Wast Water

Another place I want to revisit is Buttermere, my favourite lake! The time we visited, it was a cool, drizzly June, definitely no sign of summer! I also suffered the disappointment of not swimming in Buttermere’s ‘sister’ lake, Crummock Water that day. Now having swam in Rydal Water and Grasmere, another two lakes adjacent to each other, I can safely say I will return to Buttermere!

DSC_0368

Buttermere

Grasmere had a lot to live up to after my magical swim in Rydal Water! I think the whole experience of bagging two swims in one day was quite overwhelming for me! The late summer light on Grasmere made the scenery look like an oil painting!

dsc_0354

Grasmere

The coldest swim I’ve experienced, has to be my only tarn of the season, Easedale. You expect a glacial tarn to be colder than the lakes, but with the weather turning as I slipped into the silent waters, it didn’t help with temperatures. It made for a very moody, thought provoking swim.

swimming

Easedale Tarn

So that’s me all reminisced out! Well, not really… I can go on and on! 🙂 One thing is for certain, I am very happy to have discovered this new hobby. It gives a different element to walks in the countryside, of being totally immersed in the landscape, not just teetering on the edge!

My hope for the coming year: is to continue to enjoy walks/swims around the Lake District and to bag a few swims in Snowdonia too! The Miner’s Track(though it’ll be tough) has Llyn Glaslyn as its jewel and I want to revisit where this passion all started, Llyn Idwal.

I’d like you to come with me on my journey. Perhaps I can inspire you to try wild swimming? We will learn many things along the way and perhaps it will lead to a journey of self discovery?

Thanks for reminiscing with me.

Christine x

H2O

‘Wild’ in Art!

WARNING! This post will be a COLOUR overload!

I was inspired to write this post after visiting Sheffield’s herd of elephants and writing about it in my Sunday Sevens #15. Mark at worldwarzoogardener1939 commented that Paignton Zoo are doing a trail with rhinos and Marwell Zoo have Zany Zebras gracing the streets of Southampton this summer! I would love to visit them all but 2016 seems to be the busiest year regarding animal street art in the UK! One of the biggest promoters of these events is Wild in Art, check out their website for past and future events.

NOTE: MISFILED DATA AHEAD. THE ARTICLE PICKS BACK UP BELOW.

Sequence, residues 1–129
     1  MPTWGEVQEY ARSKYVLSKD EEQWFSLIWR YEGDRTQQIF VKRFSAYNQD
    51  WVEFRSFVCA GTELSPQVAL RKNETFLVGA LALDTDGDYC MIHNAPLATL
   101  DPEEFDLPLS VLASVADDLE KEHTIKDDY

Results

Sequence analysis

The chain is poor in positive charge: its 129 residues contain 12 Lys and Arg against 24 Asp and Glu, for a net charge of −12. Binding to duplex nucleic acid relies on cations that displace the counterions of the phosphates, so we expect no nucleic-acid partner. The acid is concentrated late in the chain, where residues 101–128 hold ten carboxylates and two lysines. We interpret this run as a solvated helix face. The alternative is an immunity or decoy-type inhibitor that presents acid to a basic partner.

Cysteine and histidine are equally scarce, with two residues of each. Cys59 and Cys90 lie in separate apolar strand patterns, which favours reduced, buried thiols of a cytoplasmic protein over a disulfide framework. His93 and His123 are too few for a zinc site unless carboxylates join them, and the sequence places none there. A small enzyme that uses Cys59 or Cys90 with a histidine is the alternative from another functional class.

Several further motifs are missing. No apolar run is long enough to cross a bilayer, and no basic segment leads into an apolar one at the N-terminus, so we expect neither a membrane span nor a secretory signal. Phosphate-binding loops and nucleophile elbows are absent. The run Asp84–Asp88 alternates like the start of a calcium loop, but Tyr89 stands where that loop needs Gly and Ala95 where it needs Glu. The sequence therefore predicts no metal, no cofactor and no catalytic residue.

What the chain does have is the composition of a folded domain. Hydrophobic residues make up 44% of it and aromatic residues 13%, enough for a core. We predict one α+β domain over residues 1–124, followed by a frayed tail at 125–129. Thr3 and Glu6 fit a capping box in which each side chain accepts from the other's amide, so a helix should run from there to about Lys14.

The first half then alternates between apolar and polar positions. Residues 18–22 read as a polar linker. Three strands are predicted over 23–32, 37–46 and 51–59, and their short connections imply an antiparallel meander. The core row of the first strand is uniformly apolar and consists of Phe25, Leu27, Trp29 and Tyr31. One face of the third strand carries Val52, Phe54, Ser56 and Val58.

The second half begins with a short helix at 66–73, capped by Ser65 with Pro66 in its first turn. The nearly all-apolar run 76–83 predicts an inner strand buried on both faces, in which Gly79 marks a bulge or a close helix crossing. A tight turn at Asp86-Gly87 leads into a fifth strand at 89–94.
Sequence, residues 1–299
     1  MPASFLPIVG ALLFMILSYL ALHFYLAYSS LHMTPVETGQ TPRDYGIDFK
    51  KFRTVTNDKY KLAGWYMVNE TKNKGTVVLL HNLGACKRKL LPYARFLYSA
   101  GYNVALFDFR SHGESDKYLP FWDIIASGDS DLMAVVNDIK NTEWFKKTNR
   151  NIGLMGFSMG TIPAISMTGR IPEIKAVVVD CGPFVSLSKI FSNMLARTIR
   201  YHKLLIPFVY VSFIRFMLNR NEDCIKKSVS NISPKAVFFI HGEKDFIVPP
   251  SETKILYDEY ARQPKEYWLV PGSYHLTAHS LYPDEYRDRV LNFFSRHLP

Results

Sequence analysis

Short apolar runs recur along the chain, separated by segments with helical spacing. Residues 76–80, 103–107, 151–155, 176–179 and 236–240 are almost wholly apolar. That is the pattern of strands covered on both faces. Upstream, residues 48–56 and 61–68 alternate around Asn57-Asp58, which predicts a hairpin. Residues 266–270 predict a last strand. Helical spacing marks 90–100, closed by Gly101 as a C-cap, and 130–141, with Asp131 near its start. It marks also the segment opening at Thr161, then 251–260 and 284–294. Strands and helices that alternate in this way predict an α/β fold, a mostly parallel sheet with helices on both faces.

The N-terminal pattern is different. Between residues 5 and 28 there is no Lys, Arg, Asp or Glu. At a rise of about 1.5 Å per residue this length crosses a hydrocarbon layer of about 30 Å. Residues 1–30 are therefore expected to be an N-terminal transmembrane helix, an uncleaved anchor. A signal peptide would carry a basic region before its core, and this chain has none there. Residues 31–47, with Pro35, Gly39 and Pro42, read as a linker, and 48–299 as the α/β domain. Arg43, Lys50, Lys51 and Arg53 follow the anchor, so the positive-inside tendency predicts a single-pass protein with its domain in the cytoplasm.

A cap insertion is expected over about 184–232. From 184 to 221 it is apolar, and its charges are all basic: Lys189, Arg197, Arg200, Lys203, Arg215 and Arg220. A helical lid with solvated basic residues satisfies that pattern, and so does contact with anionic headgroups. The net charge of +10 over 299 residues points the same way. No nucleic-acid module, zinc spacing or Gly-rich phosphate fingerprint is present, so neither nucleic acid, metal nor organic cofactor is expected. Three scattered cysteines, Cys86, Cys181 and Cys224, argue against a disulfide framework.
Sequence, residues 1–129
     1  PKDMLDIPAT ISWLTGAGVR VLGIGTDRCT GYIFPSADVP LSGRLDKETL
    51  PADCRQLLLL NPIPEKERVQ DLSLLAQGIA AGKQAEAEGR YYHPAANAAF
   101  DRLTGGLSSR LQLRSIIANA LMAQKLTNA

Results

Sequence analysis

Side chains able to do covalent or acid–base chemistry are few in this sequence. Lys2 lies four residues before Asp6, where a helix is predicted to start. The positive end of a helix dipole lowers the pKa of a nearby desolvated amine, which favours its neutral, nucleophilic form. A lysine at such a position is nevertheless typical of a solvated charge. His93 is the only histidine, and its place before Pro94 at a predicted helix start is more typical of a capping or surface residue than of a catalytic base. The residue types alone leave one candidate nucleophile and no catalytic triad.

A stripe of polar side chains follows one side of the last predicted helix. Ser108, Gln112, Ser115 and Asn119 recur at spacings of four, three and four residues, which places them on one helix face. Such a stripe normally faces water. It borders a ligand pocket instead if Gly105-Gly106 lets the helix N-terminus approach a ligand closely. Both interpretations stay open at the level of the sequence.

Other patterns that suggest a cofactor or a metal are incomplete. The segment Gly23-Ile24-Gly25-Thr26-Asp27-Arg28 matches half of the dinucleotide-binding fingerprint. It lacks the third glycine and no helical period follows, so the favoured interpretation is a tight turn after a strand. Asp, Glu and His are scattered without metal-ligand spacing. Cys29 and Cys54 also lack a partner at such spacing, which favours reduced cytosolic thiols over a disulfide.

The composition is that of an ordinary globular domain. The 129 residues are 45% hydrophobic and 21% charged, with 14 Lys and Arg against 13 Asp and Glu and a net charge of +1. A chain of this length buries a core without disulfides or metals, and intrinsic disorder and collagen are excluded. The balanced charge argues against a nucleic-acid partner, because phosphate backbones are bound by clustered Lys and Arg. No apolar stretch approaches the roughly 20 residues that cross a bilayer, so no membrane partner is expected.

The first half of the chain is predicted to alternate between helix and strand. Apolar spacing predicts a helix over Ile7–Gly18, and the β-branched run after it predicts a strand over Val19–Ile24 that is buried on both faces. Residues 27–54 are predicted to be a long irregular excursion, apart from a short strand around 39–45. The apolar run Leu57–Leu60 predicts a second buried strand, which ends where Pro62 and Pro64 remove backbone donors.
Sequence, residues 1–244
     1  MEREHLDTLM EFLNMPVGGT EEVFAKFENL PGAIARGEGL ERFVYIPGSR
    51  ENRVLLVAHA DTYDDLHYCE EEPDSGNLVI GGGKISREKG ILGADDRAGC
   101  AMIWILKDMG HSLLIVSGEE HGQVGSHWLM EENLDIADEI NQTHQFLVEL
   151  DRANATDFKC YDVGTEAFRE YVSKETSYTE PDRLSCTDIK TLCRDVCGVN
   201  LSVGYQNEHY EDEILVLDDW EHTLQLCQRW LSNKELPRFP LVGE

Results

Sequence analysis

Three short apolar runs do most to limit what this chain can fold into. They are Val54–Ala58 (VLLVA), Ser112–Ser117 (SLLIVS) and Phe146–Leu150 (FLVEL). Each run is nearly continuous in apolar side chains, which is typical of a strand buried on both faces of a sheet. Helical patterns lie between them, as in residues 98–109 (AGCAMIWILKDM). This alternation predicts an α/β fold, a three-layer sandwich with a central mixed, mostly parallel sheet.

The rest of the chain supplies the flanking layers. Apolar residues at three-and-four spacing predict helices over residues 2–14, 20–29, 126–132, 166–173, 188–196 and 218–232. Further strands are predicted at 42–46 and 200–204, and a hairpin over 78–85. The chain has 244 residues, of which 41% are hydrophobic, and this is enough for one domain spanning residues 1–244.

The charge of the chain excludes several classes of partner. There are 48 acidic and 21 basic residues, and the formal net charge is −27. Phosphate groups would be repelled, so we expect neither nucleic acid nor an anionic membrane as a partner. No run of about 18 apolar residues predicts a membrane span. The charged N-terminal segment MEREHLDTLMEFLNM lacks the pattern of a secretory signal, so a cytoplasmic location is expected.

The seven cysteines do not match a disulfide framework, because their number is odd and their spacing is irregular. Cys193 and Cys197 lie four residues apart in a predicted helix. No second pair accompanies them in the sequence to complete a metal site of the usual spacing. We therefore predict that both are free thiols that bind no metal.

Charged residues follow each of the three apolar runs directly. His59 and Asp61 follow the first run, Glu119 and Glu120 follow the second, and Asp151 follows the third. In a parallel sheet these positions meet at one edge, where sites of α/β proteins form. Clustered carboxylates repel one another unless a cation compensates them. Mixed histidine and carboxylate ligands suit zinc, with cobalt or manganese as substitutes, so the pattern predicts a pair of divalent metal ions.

Over the past eight years David and I have been lucky enough to visit a fair amount of trails, stretching as far north as Aberdeen, to Norwich in the east! My first encounter with these colourful animals was the Manchester Cow Parade in 2004. Since then there has been an explosion of animals gracing the cities and towns of the UK. From lions in Bournemouth to horses in Hamilton. Below is a selection of the trails we have seen. Enjoy!

2008 was the year of Liverpool’s Capital of Culture. During the summer, 120 6ft lambananas graced the city’s streets. I have fond memories of seeking each and every one of them out, there was even one atop Moel Famau in North Wales!

The winter of 2009 saw 135 5ft penguins bring cheer to the cold streets of Liverpool, St Helens and the Wirral. I don’t think they were as successful as the lambananas the previous year, even David seemed jaded in seeing them all. However I managed to capture them all on camera and even a few months after the auction date, acquired one for myself. A hint of madness but our home wouldn’t be the same without Snowy standing sentinel under the stairs!

Staying in the North West, Chester in 2010 had a herd of rhinos career through their streets.

Also in 2010, Skipton found they had a flock of sheep bringing cheer to their town…

..and we visited Newport for the first of their two Super Dragon trails.

2011 saw two very diverse trails. The first was in Congleton where a sleuth of bears had taken up residence.

The second was in Edinburgh, where the city was transformed into a jungle for the summer.

In 2012 it looked like David and I never visited any art trails, though in fairness we did buy our first house!

2013, looked more promising! My appetite was reawakened when I saw some of the Lindt Easter eggs. You can read my post here.

The summer of 2013 saw us visiting a spate of trails. We visited Manchester for the national tour of the Elephant Parade. Read my post here.

We then visited Norwich and Colchester to see both Go Go Gorillas and Stand Tall trails.

2014 saw David and I take a tour to Aberdeen, Scotland to see their pod of dolphins in torrential rain! Read my post here.

2015 saw us returning to Norwich to see their Go Go Dragons trail. I am always impressed with the quality of art from this city! I look forward to seeing what their hares look like in 2017!